Get ready for a little data overload. I’ve been swimming through Census data ever since the 2012 American Communities Survey data came out and showed that biking, walking and transit use in Seattle is way up.
But what about the rest of the region? As several readers have pointed out, Seattle’s plummeting rate of driving alone to work is great, but the region is still very car-dependent. Well, let’s look at some data, shall we?
First up, check out the map above. It’s from 2011 data (I couldn’t find the 2012 data, if it even exists at this granular level), but it gives you an idea of what other parts of the region are seeing high rates of cycling to work. Outside of Seattle, Vashon and Port Townsend really stand out. Olympia, Bainbridge and really most of Kitsap County ain’t too shabby, either.
In fact, at 6.2 percent, Port Townsend might be the region’s bike commute leader (but less than 2 percent take transit, suggesting the area has a ton of room to reduce its driving rate if it would just invest in the transit system).
Vashon Island’s bike commute rate also tops Seattle, with 4.6 percent of island residents biking to work. In fact, only 54 percent of Vashon residents drive alone to work.
Here’s a look at driving alone rates around the region (again, 2011 data):
On a more granular level, below are driving alone rates for Census blocks in Seattle and its near suburbs (again, 2011 data). Amazingly, much of central Seattle actually has driving rates lower than 30 percent. Perhaps not surprising, the most car-dependent areas in the near-suburbs are along the I-405 corridor.
The 520 Bridge is a huge barrier to commuting by any mode other than a car. In a stark demonstration of this, the neighborhood around the west end of the bridge has driving rates around 10 percent, while neighborhoods around the east end of the bridge has driving rates around 80 percent. In the I-90 corridor, which has much better express transit and biking infrastructure compared to 520, the difference is a bit less dramatic.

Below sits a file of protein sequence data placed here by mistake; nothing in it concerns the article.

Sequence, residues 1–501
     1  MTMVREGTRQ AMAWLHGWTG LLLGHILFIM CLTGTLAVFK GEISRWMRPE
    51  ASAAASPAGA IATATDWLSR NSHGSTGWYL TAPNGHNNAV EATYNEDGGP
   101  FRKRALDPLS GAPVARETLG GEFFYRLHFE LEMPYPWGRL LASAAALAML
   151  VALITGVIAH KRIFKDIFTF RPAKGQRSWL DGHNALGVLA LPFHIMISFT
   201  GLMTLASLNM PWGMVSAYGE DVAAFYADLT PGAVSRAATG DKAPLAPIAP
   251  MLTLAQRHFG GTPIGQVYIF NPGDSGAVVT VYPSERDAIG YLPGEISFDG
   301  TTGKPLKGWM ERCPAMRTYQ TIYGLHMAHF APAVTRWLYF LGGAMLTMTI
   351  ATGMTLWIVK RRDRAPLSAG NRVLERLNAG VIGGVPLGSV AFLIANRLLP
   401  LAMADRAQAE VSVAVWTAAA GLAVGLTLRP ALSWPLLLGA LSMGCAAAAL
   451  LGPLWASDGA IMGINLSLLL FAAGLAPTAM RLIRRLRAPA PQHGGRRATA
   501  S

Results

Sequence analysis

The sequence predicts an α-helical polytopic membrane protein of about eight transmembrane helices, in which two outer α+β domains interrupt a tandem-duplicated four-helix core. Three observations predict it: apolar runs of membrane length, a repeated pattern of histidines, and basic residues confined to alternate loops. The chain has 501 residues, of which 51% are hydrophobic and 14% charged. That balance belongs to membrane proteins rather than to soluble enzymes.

You can dig through my spreadsheet of King County commute data going back to 2005 here. Seattle commute data (2005-2012) is here. If you want to dig through Census data, here’s the somewhat confusing Census website.
Notice anything else interesting in all this data? Let us know in the comments.
UPDATE 1:40PM: I updated the graphs above to be more technically accurate (I used curvy line graph, though readers suggested bar graphs would be more appropriate).
Also, in answer to Zach’s question in the comments below, here are graphs analyzing the raw numbers of residents using each transportation mode. They reveal that as the population (technically, workforce) grows, the total number of people driving to work remains fairly unchanged. The number did grow, but the vast majority of the new commute stress is being absorbed by biking, walking, transit and telecommuting (not included in the graphs because it’s not a road use).